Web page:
Back at the match, Thierry Poutrincourt (whose ‘slight shrugs and way of looking elsewhere while speaking were not unlike Rémy Marathe’s’) becomes the fixation of a suspicious-Steeply narration. The breakdown of each of the students in terms of their game-weaknesses seems slightly cruel from these staff members (like a student’s paranoia over Staff Room character assassinations). When we get to the male #1 and #2, DeLint tells us “Wayne is pure force. He doesn’t feel fear, pity, remorse” and that Hal “looks just as perfectly dead out there” but has an “emotional susceptibility in terms of forgetting”. This is troubling because we rarely get inside Wayne, but there are suggestions (like at Mario’s screening) that he is vulnerable in other ways, while Hal believes he is completely internally empty.

Meeting Matty Pemulis is a cinematic experience (like Robert Altman, Wallace seems to just move the camera) and a tragic one at that: ‘Matty Pemulis was a prostitute and today he was twenty-three’. At a cafe in Cambridge, Poor Tony Krause passes by, almost unrecognizable to Matty (implying their past connection). This haunting by ‘Krause’s spectral mien’ and the horror of human feces in the street provokes Matty’s memory of his father raping him from the age of ten. Like with other narratives of horrific abuse in the novel, Wallace manages here to avoid simplistic judgments like ‘pure evil’ (‘The origins of the big man’s clear familiarity with the stuff [lube] and its nighttime use not even adult perspective could illuminate’) instead suggesting cycles of abuse at the same time as acknowledging the complex pain of the abused (both Matty and his witnessing brother, yes, Michael): ‘Matty still toasted the man’s final memory with his fist shot, whenever he indulged’.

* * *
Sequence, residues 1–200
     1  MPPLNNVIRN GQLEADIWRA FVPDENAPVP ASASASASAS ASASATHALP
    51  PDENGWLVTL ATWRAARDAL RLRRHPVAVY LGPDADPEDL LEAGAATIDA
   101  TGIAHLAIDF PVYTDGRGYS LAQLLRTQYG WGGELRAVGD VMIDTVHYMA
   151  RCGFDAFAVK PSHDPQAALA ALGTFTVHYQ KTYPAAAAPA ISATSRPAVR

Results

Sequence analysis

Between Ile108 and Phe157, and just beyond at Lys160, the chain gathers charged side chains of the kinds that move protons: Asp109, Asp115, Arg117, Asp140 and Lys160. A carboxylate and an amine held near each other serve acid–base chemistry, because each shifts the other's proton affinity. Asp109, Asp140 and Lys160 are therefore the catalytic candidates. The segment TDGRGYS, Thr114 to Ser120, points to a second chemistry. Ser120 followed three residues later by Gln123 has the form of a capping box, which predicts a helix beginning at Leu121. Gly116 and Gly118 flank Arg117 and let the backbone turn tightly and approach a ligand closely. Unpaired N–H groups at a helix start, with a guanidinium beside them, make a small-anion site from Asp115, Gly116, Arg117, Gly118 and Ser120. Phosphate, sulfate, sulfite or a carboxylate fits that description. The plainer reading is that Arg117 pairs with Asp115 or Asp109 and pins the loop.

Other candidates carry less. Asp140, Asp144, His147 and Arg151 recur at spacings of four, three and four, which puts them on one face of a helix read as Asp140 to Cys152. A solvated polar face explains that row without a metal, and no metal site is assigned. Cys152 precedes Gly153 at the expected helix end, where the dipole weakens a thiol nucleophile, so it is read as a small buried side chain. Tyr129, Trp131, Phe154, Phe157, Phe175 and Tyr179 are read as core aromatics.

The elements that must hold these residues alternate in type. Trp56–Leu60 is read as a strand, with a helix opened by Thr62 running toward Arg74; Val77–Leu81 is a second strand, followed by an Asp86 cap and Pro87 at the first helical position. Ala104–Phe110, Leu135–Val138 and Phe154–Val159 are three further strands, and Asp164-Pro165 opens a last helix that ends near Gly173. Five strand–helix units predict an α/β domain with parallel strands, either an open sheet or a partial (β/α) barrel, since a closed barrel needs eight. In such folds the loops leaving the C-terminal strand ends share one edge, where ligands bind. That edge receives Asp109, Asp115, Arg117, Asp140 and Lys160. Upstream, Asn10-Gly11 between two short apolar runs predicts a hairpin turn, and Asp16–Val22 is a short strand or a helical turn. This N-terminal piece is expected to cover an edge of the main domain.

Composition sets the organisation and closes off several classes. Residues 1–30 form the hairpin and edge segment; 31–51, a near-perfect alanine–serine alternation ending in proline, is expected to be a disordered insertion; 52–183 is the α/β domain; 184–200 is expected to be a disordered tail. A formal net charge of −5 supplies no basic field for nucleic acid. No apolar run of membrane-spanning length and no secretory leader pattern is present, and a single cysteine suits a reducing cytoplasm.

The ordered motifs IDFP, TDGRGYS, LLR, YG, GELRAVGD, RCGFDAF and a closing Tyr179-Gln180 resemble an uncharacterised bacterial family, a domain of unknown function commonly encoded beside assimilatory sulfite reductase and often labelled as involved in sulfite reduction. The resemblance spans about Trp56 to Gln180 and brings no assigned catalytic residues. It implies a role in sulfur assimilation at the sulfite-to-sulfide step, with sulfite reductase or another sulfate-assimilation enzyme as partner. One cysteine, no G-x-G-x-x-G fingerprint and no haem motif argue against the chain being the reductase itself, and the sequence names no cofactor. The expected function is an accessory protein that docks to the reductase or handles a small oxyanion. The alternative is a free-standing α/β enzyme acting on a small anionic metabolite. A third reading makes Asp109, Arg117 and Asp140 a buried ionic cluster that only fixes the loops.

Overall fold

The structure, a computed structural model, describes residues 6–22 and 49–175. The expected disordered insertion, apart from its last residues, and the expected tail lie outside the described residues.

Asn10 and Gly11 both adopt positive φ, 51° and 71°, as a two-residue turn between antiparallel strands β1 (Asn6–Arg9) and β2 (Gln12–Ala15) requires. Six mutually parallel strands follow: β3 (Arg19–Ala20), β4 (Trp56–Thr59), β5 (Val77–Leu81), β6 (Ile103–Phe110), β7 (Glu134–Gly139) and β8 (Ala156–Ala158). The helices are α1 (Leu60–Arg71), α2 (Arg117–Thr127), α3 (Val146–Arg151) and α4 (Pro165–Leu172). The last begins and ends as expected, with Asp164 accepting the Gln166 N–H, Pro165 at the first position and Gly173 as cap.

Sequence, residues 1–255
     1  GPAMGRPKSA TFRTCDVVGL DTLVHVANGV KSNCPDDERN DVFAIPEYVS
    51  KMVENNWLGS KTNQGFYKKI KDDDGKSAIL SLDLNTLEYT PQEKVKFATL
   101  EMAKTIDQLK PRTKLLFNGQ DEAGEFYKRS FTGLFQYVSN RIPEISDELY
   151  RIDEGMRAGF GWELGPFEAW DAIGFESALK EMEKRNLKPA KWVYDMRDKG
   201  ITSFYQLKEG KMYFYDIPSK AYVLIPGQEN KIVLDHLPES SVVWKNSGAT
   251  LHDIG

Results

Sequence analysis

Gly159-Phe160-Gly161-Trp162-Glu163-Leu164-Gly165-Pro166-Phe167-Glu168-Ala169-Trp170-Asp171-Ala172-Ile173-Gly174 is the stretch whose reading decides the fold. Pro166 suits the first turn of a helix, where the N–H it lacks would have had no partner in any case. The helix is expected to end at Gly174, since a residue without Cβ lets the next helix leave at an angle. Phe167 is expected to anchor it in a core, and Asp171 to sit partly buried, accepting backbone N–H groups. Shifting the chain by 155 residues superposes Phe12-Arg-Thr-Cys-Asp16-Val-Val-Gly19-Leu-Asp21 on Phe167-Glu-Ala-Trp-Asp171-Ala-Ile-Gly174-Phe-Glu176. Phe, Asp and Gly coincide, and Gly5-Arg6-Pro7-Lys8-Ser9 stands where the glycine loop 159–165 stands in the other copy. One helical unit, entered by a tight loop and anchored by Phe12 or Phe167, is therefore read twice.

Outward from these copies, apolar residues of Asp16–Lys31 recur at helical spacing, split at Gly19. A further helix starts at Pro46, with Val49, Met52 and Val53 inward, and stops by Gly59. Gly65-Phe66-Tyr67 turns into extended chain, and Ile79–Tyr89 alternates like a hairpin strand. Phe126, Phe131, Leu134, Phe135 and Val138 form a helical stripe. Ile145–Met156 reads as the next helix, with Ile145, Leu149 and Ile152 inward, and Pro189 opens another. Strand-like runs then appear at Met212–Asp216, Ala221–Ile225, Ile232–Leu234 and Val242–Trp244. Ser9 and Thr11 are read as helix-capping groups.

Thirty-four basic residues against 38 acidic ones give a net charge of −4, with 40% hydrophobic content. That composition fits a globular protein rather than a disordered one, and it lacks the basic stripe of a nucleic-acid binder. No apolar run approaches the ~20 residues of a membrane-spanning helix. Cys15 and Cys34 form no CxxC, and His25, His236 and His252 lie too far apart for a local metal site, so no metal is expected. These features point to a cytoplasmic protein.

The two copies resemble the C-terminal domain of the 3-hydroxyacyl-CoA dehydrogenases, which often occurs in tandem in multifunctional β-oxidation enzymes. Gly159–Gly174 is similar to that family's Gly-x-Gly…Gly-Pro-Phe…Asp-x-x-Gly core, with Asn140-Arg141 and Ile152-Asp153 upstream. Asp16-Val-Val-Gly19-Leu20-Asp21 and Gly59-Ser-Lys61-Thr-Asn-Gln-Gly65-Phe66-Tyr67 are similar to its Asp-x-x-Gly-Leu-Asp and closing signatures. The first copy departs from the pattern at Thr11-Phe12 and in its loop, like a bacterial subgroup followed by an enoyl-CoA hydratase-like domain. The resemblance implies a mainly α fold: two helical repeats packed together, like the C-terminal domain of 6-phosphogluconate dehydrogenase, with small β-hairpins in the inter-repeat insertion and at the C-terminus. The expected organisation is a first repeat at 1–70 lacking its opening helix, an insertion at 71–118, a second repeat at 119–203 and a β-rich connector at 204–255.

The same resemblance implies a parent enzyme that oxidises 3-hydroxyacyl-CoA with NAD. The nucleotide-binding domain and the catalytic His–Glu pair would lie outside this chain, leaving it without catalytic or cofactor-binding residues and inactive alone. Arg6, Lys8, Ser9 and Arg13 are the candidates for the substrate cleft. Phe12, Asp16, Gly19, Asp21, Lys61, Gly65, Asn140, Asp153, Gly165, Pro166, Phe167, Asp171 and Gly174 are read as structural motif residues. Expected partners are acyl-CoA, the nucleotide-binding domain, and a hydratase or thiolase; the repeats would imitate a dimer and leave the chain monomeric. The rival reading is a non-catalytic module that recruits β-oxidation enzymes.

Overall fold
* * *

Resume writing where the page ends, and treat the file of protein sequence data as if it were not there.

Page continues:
After the match, DeLint explains to Hal that he ‘just never quite occurred out there, kid’ – an unwitting foreshadowing of Hal’s withdrawal (not just from pot, but from the social plane?). We’re speculating whether Hal, who then begins to watch his father’s films, may here, at some point, stumble across the Entertainment… What he does watch is Wave Bye-Bye to the Bureaucrat as he ‘likes to project himself imaginatively into the ex-bureacrat’s character on the leisurely drive home toward ontological erasure’. Hopeless and ‘Bob-Hopeless’ Hal’s left at a bit of a precipice, perhaps like the film cartridges ‘waiting to drop, in order, and be digitally decoded.’